CEO Shoptalk: Ever Ready v Never Ready

A few years ago, I received a call from a fine young man I’d advised for about nine months about ten years ago. During that nine month period when I advised him, he wanted to start a company and we explored what that entailed. He was a very smart person and diligent in his work. First rate mind and education. Winner.

“What keeps you from starting a company?” I would ask him.

He would variously give me the following excuses:

“I just bought a car.

I’m evaluating two different ideas trying to figure out which one is the better idea.

I just don’t know if I have what it takes to start a company.

I need a tech co-founder and can’t find anybody.

My mother hates the idea.

I am taking a graduate school course and I want to finish it before I start a company. The course was in some software subject.

I have a new girlfriend and I won’t be able to date her because all of my time will be spent on the new company.

It’s bird hunting season and I always go hunting with my Dad.

I’m broke.

I’m taking flying lessons.

Should I go to law school?

The prior girl wasn’t the one, but there’s another one and she wants to have kids.”

He had a “good job with high pay” and while he wanted to start a company to create wealth, amongst other things, he had no short term financial pressure in his life.

At about that time, I advised him thusly, “You need to sit down and define when you think you will be ready. Make a list of the ten things that have to fall into place to signal you it is GO TIME.”

He nodded and told me he’d do it.

I called him a week later and told him I was going to pull the plug on our advisory arrangement until he was sure he was ready. No reason to waste his money and my time. In essence, I was firing myself. He was quite incredulous.

I told him to spend the money he’d been paying me on whittling down the list and then I did something borderline cruel.

I told him that there was never, ever going to be a time when the list was all accomplished. It was unrealistic to expect that to ever happen.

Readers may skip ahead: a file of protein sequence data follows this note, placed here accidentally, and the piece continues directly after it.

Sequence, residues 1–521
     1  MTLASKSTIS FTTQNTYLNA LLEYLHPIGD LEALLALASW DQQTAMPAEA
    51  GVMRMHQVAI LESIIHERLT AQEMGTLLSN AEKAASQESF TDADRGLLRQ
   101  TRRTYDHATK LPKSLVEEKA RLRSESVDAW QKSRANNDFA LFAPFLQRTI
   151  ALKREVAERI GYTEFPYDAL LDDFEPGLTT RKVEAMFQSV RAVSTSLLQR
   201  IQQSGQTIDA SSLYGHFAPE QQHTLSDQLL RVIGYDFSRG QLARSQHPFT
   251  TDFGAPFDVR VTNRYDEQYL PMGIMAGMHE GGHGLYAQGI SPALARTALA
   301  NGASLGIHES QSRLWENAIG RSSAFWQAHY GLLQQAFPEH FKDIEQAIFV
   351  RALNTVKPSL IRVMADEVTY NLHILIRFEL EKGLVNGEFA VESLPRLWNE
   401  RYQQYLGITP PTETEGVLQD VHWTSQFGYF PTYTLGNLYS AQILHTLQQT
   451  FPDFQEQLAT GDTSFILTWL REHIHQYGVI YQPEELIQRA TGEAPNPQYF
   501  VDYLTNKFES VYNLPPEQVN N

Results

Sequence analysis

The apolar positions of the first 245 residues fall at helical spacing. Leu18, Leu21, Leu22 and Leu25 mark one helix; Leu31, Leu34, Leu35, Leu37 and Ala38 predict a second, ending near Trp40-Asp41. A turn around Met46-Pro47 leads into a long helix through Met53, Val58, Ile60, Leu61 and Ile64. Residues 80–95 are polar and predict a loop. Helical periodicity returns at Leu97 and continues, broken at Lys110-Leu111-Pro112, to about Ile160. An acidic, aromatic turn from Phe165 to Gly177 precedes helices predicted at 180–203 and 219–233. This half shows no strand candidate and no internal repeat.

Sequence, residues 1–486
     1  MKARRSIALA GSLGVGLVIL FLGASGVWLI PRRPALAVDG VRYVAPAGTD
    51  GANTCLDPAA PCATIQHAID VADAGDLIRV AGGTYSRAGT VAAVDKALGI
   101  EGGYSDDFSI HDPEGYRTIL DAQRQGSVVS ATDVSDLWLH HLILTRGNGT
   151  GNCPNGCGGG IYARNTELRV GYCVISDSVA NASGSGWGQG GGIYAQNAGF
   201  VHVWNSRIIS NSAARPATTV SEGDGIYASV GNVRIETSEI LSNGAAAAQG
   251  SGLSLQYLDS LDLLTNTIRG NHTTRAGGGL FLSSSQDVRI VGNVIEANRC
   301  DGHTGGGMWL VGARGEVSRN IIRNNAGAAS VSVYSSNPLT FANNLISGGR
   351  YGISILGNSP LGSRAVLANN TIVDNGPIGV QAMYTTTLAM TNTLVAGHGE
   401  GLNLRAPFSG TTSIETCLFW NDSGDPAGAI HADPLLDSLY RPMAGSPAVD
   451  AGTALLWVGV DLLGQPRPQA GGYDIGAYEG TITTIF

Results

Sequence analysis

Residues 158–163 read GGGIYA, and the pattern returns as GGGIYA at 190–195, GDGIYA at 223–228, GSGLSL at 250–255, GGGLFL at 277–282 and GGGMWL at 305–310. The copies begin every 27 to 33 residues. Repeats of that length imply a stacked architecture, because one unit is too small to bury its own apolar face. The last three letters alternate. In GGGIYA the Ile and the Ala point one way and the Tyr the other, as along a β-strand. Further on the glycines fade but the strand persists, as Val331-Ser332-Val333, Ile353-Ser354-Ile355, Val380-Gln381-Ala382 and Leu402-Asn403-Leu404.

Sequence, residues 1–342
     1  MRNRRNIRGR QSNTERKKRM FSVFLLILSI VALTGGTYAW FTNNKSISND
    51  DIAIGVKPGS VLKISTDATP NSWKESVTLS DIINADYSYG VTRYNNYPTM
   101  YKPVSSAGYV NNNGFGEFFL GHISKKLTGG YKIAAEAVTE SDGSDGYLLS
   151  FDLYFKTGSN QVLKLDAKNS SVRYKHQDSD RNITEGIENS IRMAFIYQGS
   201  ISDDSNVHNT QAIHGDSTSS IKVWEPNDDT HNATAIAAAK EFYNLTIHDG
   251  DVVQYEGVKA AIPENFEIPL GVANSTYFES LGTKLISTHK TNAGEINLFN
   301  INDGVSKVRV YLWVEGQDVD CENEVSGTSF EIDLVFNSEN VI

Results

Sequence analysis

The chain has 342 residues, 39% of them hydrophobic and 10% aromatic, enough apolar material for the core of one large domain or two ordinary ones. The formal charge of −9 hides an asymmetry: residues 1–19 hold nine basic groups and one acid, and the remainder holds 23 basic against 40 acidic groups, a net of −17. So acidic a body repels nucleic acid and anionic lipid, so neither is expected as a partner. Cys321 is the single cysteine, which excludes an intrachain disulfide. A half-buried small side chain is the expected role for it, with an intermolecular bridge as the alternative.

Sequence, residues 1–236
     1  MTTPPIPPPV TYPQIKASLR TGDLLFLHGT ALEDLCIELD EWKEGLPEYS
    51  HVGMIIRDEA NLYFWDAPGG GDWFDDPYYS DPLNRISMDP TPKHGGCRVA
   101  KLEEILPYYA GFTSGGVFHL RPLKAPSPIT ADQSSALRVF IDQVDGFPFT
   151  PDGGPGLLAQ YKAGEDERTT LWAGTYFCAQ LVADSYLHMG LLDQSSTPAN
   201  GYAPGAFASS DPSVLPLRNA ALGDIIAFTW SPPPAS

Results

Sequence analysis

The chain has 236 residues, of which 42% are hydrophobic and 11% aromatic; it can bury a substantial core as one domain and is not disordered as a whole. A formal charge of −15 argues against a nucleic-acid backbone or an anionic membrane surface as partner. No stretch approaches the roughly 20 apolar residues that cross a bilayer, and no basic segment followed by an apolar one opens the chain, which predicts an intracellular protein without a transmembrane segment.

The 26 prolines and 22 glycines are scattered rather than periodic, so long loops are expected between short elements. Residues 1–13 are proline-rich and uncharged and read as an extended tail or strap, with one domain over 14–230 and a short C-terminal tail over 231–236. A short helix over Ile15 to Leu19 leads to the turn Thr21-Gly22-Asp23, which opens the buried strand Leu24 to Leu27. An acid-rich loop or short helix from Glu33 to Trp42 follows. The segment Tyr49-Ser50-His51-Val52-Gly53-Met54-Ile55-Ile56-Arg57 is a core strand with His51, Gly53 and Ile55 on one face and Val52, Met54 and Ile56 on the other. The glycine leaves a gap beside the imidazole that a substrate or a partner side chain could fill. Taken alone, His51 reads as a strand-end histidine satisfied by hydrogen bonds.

There was never a time when anybody was ever “ready” to start a company.

I told him that was what risk felt like and that uncertainty, that anxiety, that awkwardness was fuel — the fuel that would drive him through the hard times when it looked nigh onto impossible, but he would find the way.

I told him the fire in his belly to start a company had to be hotter than the scary ache in his gut about the risk. Right now I didn’t see or hear that.


We did not speak again until he called me a few years ago, but I would check on him through mutual friends. I always knew what he was up to.

When he called me, he was the co-founder (with a tech co-founder) of a successful startup that was out of the cradle and already scaling nicely. It took him several years to become an overnight success.

He was the CEO and while the value of the company in a liquidation scenario was not where he wanted it to be just yet, there would be a celebration at the pay window if it went in that direction.

He started to tell me this, but I cut him short, “I know all of that. Congratulations. I never doubted you would be successful . . . . . if you would only take the leap.”

He laughed. I laughed. They were ironic laughs.

“Do you recall what you told me when we parted company?” he asked me.

“Yes,” I said.

“So, do I,” he said. “I’ve reflected on it often and it stung. I guess I needed to hear that.”

I apologized as I had not intended to hurt him, but I did intend to jerk a knot in his rope and try to get him into the batter’s box.

“So, was I right?” I asked.

“Yes as to the litany of  excuses I made as to why I wasn’t ready, but no as to my not having what it takes to be a founder and successful at it.”

There was enough space between each of those words that I knew he had rehearsed it and that it was important to him and he delivered the line perfectly and with conviction. I wonder if he had written it down and was reading it.

We were on the phone, so I didn’t see his face, but I imagined he was rubbing the bridge of his nose, glasses in hand, eyes closed, heart beating a little more than normal.

“I always knew you had what it took,” I said, speaking the truth. “I always knew you would be successful if you just took the leap. That’s why I said what I said. You didn’t know it. I did. Now, you do.”

We put some softer words around the end of the conversation to ensure we were both members of the same human race and we wished each other well. He married the girl who wanted a lot of kids and they had them. We did not become great pals.

I read some time thereafter he’d sold the company and hit a good lick. He sent me a very nice gift and a heartfelt note.

I consider that to have been one of my most successful CEO/founder advisory assignments in the last thirteen years.

Nobody is ever ready. YOU have to take the bloody jump and hope your parachute works. It’s risky out there. But, you can do it. Sometimes, you need a jump boot in your ass to take the leap.

But, hey, what the Hell do I really know anyway? I’m just a Big Red Car.